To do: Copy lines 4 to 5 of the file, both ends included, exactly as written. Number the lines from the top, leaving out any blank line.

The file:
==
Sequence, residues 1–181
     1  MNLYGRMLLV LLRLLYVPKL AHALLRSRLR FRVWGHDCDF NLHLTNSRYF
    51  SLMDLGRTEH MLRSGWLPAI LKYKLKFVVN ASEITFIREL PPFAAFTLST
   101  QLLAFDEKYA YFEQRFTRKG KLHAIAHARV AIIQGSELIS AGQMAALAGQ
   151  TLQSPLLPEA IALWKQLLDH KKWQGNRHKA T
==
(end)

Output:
   101  QLLAFDEKYA YFEQRFTRKG KLHAIAHARV AIIQGSELIS AGQMAALAGQ
   151  TLQSPLLPEA IALWKQLLDH KKWQGNRHKA T